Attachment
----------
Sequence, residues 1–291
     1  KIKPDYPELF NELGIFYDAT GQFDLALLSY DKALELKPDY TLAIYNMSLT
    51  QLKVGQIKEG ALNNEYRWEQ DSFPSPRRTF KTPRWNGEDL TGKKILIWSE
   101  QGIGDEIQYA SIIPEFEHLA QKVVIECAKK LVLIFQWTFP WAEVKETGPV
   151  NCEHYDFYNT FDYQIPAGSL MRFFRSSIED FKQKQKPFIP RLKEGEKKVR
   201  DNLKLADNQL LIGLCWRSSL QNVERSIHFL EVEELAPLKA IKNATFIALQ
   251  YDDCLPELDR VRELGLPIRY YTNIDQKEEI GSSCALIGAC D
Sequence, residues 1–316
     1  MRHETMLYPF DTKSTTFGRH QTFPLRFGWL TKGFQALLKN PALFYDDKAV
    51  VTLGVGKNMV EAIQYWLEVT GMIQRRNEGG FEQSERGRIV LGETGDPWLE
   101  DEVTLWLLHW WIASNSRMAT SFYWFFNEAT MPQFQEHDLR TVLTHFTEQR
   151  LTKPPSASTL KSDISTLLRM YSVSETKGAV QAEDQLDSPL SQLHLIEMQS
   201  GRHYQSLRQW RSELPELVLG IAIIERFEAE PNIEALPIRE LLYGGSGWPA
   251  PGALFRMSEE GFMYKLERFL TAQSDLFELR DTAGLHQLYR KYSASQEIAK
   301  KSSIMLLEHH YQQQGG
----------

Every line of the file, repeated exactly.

Sequence, residues 1–291
     1  KIKPDYPELF NELGIFYDAT GQFDLALLSY DKALELKPDY TLAIYNMSLT
    51  QLKVGQIKEG ALNNEYRWEQ DSFPSPRRTF KTPRWNGEDL TGKKILIWSE
   101  QGIGDEIQYA SIIPEFEHLA QKVVIECAKK LVLIFQWTFP WAEVKETGPV
   151  NCEHYDFYNT FDYQIPAGSL MRFFRSSIED FKQKQKPFIP RLKEGEKKVR
   201  DNLKLADNQL LIGLCWRSSL QNVERSIHFL EVEELAPLKA IKNATFIALQ
   251  YDDCLPELDR VRELGLPIRY YTNIDQKEEI GSSCALIGAC D
Sequence, residues 1–316
     1  MRHETMLYPF DTKSTTFGRH QTFPLRFGWL TKGFQALLKN PALFYDDKAV
    51  VTLGVGKNMV EAIQYWLEVT GMIQRRNEGG FEQSERGRIV LGETGDPWLE
   101  DEVTLWLLHW WIASNSRMAT SFYWFFNEAT MPQFQEHDLR TVLTHFTEQR
   151  LTKPPSASTL KSDISTLLRM YSVSETKGAV QAEDQLDSPL SQLHLIEMQS
   201  GRHYQSLRQW RSELPELVLG IAIIERFEAE PNIEALPIRE LLYGGSGWPA
   251  PGALFRMSEE GFMYKLERFL TAQSDLFELR DTAGLHQLYR KYSASQEIAK
   301  KSSIMLLEHH YQQQGG